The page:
FriendlyLurker (50431) | more than 3 years ago | (#36135702)

How many politicians and CEO's will be put on trial?... None you say?! I thought so... Ok, carry on...

Re:Do We Really Want This? (-1)

Anonymous Coward | more than 3 years ago | (#36135986)

How many politicians and CEO's will be put on trial?... None you say?! I thought so... Ok, carry on...

i dont know but like any and every other american court room there will be lots of niggers put on trial. they're violent primitive tribals who are not yet ready for civilized society, that is why they commit such a disproportionately high number of crimes especially violent crimes.

oh yah and they can scream their favorite word RACISM all they like. it's a convenient scapegoat isn't it, like all of their problems are somebody else's fault huh? gee how come nothing ever improves? racism my ass. the FACT is that black-on-black crime is far higher than white-on-black crime has ever been. look it up yourself and see if that's still compatible with political correctness.

Re:Do We Really Want This? (1)

ozbird (127571) | more than 3 years ago | (#36135748)

"Not only must Justice be done; it must also be seen to be done." -- R v Sussex Justices, ex parte McCarthy [1924]

Re:Do We Really Want This? (1)

Anonymous Coward | more than 3 years ago | (#36135758)

This is nice for the press, the bloggers and the curious, but do we really want all court proceedings 'broadcast' in this manner? Are we looking at a future where "live court reporting" takes place complete with ads and commentators? The quality will be even worse than the NFL channel's piss-poor play-by-play coverage of games.

You'd prefer the alternative - that all trials be conducted in secret?

One of the cornerstones of Western jurisprudence is that the court proceedings - and the courts themselves - are public. Anyone can walk off the street, and as long as there's sufficient physical space in the courtroom, observe the proceedings.

All that's happened here is that the State has decided to use technology to remove the artificial limit imposed by the physical size of the courtroom. Unlike lots of things where the State has used technology to remove artificial limits ("Well, if it's legal for a cop to follow someone around everywhere. Why can't a cop attach a GPS unit to your car and let it do the following-around bit? And if it's legal - albeit prohibitively expensive - for a police department to hire one officer per intersection, why not use traffic cameras with OCR and license plate recognition instead of hiring a million cops?") expanding public access to court proceedings is a good thing for citizens.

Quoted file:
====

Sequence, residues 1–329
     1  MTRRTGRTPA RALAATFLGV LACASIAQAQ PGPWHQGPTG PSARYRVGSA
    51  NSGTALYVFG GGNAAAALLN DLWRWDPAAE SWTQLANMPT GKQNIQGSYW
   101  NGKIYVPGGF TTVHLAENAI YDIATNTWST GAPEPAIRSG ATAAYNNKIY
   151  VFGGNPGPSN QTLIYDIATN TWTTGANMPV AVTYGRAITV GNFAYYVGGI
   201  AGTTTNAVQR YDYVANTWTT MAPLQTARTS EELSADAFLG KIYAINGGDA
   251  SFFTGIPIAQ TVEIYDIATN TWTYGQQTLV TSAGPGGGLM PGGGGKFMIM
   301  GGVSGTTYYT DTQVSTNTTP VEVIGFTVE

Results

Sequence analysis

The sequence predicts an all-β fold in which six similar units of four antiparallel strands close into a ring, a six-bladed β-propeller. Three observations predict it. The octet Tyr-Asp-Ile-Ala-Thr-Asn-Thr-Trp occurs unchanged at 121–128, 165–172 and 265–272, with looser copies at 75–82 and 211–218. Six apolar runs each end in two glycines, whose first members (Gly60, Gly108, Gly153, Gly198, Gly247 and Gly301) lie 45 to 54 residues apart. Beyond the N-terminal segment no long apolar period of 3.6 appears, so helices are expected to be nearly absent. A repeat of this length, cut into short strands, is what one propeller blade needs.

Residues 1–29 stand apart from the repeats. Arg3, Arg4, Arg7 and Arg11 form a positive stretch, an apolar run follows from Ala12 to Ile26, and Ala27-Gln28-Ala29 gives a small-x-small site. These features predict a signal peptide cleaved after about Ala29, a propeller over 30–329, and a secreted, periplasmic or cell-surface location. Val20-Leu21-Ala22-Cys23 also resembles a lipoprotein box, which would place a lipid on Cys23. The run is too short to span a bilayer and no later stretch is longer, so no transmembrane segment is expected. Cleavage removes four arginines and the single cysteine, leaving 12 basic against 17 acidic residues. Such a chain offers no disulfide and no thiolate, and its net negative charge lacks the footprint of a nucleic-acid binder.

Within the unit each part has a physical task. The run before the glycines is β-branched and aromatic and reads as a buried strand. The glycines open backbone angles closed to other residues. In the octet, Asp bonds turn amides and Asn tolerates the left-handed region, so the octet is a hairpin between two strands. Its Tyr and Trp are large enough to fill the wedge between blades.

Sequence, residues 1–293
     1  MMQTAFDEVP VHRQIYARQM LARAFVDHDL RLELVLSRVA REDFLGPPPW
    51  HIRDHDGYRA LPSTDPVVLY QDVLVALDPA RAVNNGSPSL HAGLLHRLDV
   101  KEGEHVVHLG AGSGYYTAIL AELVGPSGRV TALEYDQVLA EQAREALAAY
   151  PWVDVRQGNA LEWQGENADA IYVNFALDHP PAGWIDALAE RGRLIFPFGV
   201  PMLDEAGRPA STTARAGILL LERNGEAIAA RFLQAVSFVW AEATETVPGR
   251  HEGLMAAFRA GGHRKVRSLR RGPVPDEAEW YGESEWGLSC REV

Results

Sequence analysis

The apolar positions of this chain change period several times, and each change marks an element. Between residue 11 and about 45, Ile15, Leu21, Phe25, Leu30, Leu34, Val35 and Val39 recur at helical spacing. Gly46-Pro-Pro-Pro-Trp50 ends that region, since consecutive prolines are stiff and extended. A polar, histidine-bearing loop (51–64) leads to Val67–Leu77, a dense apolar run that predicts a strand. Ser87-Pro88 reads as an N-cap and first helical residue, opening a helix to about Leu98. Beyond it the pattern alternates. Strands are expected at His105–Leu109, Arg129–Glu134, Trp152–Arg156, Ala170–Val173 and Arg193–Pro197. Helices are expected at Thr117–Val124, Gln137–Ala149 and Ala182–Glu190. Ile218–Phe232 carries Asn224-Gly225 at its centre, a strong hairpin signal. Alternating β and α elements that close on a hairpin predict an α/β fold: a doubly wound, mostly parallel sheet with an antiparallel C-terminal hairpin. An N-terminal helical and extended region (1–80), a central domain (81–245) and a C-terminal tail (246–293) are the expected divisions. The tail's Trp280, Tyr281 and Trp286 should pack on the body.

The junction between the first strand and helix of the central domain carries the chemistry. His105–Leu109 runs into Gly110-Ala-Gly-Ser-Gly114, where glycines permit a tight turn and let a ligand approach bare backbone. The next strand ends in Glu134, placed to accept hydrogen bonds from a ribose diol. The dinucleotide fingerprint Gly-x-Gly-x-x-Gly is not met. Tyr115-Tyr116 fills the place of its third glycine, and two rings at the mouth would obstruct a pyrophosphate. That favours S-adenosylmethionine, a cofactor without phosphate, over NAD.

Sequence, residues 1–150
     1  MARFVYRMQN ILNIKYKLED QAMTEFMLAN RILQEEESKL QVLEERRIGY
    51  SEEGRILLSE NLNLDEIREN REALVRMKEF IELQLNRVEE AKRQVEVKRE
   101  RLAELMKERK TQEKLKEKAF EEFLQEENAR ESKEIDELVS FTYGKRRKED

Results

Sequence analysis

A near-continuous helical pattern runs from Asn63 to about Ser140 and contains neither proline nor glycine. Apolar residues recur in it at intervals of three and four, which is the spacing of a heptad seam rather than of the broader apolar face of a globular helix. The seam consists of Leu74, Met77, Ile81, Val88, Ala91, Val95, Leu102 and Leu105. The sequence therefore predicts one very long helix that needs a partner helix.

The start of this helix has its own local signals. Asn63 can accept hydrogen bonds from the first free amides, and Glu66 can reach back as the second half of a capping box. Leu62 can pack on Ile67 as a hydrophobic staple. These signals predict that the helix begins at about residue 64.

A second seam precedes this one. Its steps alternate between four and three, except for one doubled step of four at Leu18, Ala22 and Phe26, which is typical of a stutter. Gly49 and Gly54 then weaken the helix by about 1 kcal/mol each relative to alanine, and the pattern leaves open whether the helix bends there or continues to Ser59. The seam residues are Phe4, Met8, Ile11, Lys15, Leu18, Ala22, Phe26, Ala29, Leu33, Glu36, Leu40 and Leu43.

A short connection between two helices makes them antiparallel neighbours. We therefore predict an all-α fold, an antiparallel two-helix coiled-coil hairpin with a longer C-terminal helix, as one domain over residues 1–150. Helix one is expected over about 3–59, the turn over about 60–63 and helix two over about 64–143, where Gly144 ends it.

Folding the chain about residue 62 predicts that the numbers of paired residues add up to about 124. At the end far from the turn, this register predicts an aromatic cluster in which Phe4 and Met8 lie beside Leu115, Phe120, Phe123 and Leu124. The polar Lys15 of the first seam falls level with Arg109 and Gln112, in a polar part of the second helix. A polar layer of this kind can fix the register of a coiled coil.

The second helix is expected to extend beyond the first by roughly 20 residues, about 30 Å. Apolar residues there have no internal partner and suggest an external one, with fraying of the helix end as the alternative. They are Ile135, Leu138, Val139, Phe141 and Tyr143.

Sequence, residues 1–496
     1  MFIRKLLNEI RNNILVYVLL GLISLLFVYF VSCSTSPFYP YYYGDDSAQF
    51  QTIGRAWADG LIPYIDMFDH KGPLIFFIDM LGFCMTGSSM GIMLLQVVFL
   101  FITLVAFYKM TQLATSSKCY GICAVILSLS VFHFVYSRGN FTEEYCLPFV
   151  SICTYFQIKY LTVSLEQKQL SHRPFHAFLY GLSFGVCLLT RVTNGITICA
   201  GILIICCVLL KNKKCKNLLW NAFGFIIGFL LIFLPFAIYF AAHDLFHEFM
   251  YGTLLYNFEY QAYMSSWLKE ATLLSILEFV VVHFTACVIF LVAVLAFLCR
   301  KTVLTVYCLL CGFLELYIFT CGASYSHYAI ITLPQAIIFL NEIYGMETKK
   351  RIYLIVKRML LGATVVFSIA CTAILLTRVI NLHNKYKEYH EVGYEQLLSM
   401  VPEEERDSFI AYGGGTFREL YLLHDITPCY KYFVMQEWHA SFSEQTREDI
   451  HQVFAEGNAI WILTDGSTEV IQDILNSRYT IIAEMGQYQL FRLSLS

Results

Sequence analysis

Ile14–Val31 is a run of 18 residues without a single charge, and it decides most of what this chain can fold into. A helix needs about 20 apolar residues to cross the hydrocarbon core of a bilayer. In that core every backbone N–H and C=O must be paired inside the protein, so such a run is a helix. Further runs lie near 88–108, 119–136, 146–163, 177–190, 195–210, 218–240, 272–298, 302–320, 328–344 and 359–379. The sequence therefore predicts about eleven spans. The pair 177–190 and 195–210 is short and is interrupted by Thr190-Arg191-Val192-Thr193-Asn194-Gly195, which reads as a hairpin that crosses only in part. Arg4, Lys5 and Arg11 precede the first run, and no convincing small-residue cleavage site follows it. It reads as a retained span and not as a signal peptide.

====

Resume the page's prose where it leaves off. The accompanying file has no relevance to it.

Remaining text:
Re:Do We Really Want This? (3, Interesting)

Nedmud (157169) | more than 3 years ago | (#36135970)

That is not the alternative -- it's the opposite extreme.

Allowing a media free-for-all increases the risk of Jurors getting outside information on the case.

Justice needs oversight; but also also needs to be protected from interference. Optimising justice means finding a tradeoff between these ideals.

Re:Do We Really Want This? (2)

Eightbitgnosis (1571875) | more than 3 years ago | (#36135962)

Oh No! Jake has fumbled his chance of getting a reduced sentence after releasing a stream of racist obscenities at the judge and general population. No good Jake

Well Chip, looks to me like someone didn't get their Florida's Natural orange juice this morning

Re:Do We Really Want This? (4, Insightful)

Anonymous Coward | more than 3 years ago | (#36135966)

No, we don't. That it comes from Massachusetts, home of Romneycare, and was the brain-child of some NPR guy, home of "Republicans are racist" fundraisers, should be enough to prove that.

But even if you don't care about that, the answer is still: No, we don't. Court rooms should be open to interested members of the public. It should be open to the press.

It should not be open to any idiot on the Internet, especially when a trial can badly damage people's reputations even if they are eventually found guilty. (Remember, as far as the public is concerned, it's guilty until magic CSI science proves otherwise. The police never make mistakes in public fairy-land.)